WeTransfer releases opinion paper presenting actionable ideas on how LA tech companies can better serve their communities
With contributions from community leaders to provide a resource guide for the tech industry to avoid the pitfalls of San Francisco.
March 29, 2019 - Today WeTransfer released “On Companies and Communities” a paper aimed to start a dialogue for how tech companies can better engage and support the communities they call home. The paper is a collaborative effort written by the President of WeTransfer, Damian Bradfield, Lynn Brown and Andreas Tzortzis with contributions from Los Angeles community leaders including Ann Philbin (Hammer Museum), Yosi Sergant (Taskforce), Gina Belafonte (Sankofa), and Troy Carter (Atom Factory).
The paper focuses on the changing tech landscape in Los Angeles - WeTransfer’s first US base - and uses San Francisco as a glaring example of how companies can deteriorate communities. The paper explores how tech companies are often founded on the belief that technology can be transformative for people and their communities, but their core product promise often makes them blind to the subsequent consequences of their actions.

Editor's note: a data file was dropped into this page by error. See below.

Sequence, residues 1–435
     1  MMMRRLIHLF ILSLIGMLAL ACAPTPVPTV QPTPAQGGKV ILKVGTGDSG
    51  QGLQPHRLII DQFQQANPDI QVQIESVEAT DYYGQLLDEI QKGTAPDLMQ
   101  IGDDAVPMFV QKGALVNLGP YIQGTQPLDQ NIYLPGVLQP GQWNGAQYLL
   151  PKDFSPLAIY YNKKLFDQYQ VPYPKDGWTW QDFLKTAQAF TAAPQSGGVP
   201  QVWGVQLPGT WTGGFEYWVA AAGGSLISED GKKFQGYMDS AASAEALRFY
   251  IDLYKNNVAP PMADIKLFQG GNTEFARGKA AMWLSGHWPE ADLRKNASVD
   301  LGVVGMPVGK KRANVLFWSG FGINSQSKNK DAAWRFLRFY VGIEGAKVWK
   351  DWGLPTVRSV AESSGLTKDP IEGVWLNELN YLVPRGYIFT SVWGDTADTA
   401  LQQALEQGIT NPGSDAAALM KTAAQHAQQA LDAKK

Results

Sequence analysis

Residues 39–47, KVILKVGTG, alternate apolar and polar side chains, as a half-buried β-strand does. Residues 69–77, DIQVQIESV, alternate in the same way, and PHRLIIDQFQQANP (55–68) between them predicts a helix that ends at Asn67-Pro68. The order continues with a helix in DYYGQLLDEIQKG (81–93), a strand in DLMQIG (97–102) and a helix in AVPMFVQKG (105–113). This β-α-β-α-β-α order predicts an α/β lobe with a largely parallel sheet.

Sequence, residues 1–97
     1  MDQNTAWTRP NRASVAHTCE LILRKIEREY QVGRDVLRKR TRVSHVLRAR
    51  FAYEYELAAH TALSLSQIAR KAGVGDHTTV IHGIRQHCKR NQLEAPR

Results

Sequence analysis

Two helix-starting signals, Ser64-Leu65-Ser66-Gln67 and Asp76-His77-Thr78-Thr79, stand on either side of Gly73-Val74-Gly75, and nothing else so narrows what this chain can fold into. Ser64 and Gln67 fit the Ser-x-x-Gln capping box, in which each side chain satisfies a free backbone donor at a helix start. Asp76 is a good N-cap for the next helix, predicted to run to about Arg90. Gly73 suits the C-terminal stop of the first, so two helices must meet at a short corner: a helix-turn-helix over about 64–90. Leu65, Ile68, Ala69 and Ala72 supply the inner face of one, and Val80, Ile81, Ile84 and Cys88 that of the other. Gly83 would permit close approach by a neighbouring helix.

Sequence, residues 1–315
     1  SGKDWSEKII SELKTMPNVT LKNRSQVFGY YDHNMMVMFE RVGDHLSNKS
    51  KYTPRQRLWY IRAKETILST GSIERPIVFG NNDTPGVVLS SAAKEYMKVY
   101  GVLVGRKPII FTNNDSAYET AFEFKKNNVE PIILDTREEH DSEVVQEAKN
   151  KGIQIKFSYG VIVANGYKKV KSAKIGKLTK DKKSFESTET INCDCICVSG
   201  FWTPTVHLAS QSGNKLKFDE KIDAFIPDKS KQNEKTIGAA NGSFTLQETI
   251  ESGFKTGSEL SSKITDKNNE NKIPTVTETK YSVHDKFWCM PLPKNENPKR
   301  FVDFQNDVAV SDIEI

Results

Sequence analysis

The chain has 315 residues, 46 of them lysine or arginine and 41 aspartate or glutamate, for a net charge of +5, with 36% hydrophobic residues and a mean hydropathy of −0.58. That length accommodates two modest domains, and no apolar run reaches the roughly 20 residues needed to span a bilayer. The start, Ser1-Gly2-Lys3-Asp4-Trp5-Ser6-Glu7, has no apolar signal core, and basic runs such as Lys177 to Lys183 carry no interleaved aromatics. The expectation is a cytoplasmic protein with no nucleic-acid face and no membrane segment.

"Lots of businesses like to tell you what they believe in. But there is a difference between company values painted (however stylishly) on a wall, and the real challenges of setting—and sticking to—a set of principles that guide your decision making."
- Work with the communities to execute a project that will have a direct impact on their lives. Instead of coming to the community with a solution, engage the community to help ideate and problem solve together.
- Help existing community members train for the kinds of jobs your company offers to allow locals to bridge the income gap that is central to the destruction of existing communities.
- Understand that a company’s most active ambassadors are the people who work for it. Encourage your employees to get involved in the local community or work with local schools, and provide them with dedicated time to do so.
- Maintain the architectural style of the neighborhood in the design of new office space, including the work of neighborhood artists in company projects, or creative initiatives launched by your brand.
The density of creativity here is extraordinary,” says Philbin, “and to think that moving huge companies here without touting that and embracing that and figuring out ways to weave that into their lives, would be a lost opportunity.
WeTransfer invites fellow companies and community leaders to reach out to email@example.com to start a conversation on how we can have a greater impact together. You can read the paper on WePresent or download the PDF here.